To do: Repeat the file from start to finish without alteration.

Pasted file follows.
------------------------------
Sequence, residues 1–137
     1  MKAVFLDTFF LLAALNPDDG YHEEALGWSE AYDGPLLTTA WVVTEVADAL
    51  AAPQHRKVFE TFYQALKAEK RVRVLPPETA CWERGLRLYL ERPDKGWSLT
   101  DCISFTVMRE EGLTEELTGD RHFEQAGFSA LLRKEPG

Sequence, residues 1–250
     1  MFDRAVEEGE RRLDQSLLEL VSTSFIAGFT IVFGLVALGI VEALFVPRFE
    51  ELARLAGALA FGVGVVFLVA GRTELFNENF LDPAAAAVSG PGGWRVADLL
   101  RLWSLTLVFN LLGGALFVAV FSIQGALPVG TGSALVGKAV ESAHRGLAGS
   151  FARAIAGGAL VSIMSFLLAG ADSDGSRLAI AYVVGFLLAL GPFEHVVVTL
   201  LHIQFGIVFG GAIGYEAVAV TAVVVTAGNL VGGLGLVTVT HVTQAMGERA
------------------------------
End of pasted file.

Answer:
Sequence, residues 1–137
     1  MKAVFLDTFF LLAALNPDDG YHEEALGWSE AYDGPLLTTA WVVTEVADAL
    51  AAPQHRKVFE TFYQALKAEK RVRVLPPETA CWERGLRLYL ERPDKGWSLT
   101  DCISFTVMRE EGLTEELTGD RHFEQAGFSA LLRKEPG

Sequence, residues 1–250
     1  MFDRAVEEGE RRLDQSLLEL VSTSFIAGFT IVFGLVALGI VEALFVPRFE
    51  ELARLAGALA FGVGVVFLVA GRTELFNENF LDPAAAAVSG PGGWRVADLL
   101  RLWSLTLVFN LLGGALFVAV FSIQGALPVG TGSALVGKAV ESAHRGLAGS
   151  FARAIAGGAL VSIMSFLLAG ADSDGSRLAI AYVVGFLLAL GPFEHVVVTL
   201  LHIQFGIVFG GAIGYEAVAV TAVVVTAGNL VGGLGLVTVT HVTQAMGERA